Donald Trump's Donald Trump
[...] Stone, Trump’s most influential and seasoned political adviser at the time, says he quit after the do-it-myself billionaire rejected his plans to create a traditional campaign structure and a suggestion that he seek to broaden his pitch beyond working-class whites. Instead, Trump put his mouth where he wouldn’t put his money, opting for an on-the-cheap one-man road show, fortified by monster debate ratings and an unavoidable-for-comment approach to cable and network TV interviews.
“You don’t manage Donald … you can't deal with him on that basis,” Stone, nursing a mild martini hangover the morning after celebrating Trump’s blowout win in the New York primary last week, explained. During an hourlong sit-down for POLITICO’s “Off Message” podcast, the 63-year-old former Dick Nixon dirty trickster offered a candid assessment of his longtime boss’s strengths, blind spots and daunting path to the presidency.
“He envisioned a campaign which was all communications,” said Stone — who has bounced back in recent weeks to re-emerge as a key adviser to Trump as the tycoon faces a dangerous new phase of his storybook 2016. “But the notion that you could combat — let’s take Florida — $40 million worth of negative television simply by going on ‘Fox & Friends’ and responding, I rejected that idea.”
Stone doesn’t have a formal relationship with the campaign (his role is limited by his stewardship of a pro-Trump super PAC) and he wouldn’t tell me how often he talks with Trump or his top aides. But the campaign’s shotgun reorganization (his former lobbying partner Paul Manafort has layered over Stone’s rival, campaign manager Corey Lewandowski) — and germinating kinder-gentler general election pivot — bears Stone’s fingerprints.
“He’s going to have to better articulate himself on issues that are of concern to women,” Stone said of Trump, stating an obvious truth that, until recently, wasn’t all that obvious to a candidate who prides himself on political incorrectness. “He is going to have to define a pro-growth, more aspirational message for African-American voters, for Hispanic voters, where I actually think he can make inroads.”
When I asked Stone how Trump could possibly do that — and whom he should tap as a running mate— he threw out John Kasich’s name almost by rote. Then he settled on a choice that seemed to better capture his imagination: “Little Marco” Rubio.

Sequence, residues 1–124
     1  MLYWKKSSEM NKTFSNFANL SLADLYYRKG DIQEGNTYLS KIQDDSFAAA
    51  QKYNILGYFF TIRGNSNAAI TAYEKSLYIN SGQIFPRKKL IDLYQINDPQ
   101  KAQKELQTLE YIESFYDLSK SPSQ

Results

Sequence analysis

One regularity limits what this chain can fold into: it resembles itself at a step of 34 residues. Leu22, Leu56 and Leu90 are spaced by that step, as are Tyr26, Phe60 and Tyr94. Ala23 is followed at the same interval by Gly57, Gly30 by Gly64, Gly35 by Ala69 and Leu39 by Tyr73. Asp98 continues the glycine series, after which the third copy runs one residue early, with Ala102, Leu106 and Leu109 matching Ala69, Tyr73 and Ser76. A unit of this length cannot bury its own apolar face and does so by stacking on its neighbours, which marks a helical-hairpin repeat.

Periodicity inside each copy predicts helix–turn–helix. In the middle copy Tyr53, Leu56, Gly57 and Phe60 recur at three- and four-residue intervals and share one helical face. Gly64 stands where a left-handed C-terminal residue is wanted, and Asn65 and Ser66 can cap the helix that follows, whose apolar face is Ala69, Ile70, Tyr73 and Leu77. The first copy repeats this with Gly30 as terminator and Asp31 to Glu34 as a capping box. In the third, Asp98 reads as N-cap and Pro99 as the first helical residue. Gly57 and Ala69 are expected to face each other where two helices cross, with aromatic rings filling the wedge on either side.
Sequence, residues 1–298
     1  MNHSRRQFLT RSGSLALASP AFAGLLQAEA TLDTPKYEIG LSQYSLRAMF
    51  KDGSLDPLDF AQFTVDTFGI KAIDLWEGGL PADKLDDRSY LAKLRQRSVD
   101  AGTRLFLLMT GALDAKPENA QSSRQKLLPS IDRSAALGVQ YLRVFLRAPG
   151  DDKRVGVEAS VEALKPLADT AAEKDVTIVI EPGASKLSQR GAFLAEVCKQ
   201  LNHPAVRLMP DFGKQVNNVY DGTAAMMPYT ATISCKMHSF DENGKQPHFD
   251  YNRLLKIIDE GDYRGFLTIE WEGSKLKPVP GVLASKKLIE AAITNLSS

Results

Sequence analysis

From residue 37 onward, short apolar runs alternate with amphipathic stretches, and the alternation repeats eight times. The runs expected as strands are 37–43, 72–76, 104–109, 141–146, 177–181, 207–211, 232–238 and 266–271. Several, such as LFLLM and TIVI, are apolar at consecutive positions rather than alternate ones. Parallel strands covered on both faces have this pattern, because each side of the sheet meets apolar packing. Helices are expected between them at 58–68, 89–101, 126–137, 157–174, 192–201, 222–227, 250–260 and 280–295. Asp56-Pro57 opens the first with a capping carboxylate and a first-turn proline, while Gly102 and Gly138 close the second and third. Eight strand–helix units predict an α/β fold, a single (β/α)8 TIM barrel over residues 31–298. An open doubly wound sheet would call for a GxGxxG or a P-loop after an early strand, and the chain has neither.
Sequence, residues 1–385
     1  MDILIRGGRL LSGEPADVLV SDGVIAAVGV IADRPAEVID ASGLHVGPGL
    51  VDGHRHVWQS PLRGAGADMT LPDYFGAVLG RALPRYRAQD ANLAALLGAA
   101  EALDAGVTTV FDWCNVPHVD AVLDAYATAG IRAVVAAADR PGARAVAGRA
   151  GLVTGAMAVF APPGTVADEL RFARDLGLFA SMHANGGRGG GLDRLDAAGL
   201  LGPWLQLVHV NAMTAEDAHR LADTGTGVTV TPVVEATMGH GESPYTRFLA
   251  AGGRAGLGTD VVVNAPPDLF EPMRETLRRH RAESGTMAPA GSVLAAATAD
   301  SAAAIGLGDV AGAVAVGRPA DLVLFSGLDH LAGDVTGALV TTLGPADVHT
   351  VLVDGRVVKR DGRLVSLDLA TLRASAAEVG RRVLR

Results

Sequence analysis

Stone, who worked as a dark-arts political type for Nixon and later Ronald Reagan, is a paradox in wide pinstripes and oval 1930s movie-star shades. He’s known for scorched-earth muckraking (he co-authored a book dredging up Clinton scandals and recently emailed me to say that the Clintons should “be worried” about him because “I know exactly how to take them down”) but he desperately wants Trump to make his peace with women and minority voters. Stone’s the ultimate Donald insider (he’s been on Trump’s payroll, on and off, for 40 years) but his habit of telling Trump what he thinks has created an arm’s-length distance. He’s infamous for his profane tirades and crass Twitter outbursts (he once mocked Al Sharpton — a onetime friend — with a fried-chicken joke) but he’s a charming conversationalist who speaks authoritatively about political biographies and pines for lazy Saturdays lost in the stacks of Manhattan’s famous Strand bookstore.
“Without telling tales out of school, because I have a nondisclosure, ... I envisioned a campaign that used the more traditional tools of polling and analytics and targeting and paid media, and a greater depth of organization,” said Stone.
But organization isn’t what Trump is about, and Stone offered tantalizing behind-the-scenes glimpses of a gifted self-taught politician still learning a new trade, a creature of habit who “doesn’t surf the Web” ever, and still gets much of his news from tabloids. The presidency is a drinking-data-through-a-firehose job, but Trump, Stone told me, is reluctant to even sip the water fountain; he finds even minimalist policy briefings to be eye-glazing, Jeb Bush-level bores. Stone loves Trump — he says he’s one of the funniest people he knows — but conceded it’s “an adventure” trying to counsel a reality-TV billionaire who refuses to be scripted or stage-managed.
Stone paused when I asked him how he — or any other adviser — could change the developer’s mind once Trump had been set on a course of action. Tread lightly and keep it punchy was his best advice.
“When you know somebody that long, you get an understanding about how to affect their thinking without being, you know, without being insulting or overstepping a line,” he said. “Nobody puts words in Donald’s mouth. He is his own conceptualizer. All you can do is present information and let him either assimilate it or not. When you write something for him, keep it short and staccato. He’s not going to read a 40-page white paper on the economy; zero chance of that. ... Reagan was a big-picture guy. Trump is a big-picture guy.” [...]
Lots of interesting insights. Read the whole thing. It's excerpts from an interview that was an hour long podcast, which you can click on and listen to near the top of the page when you follow the link. The podcast is even more revealing, it's quite an education.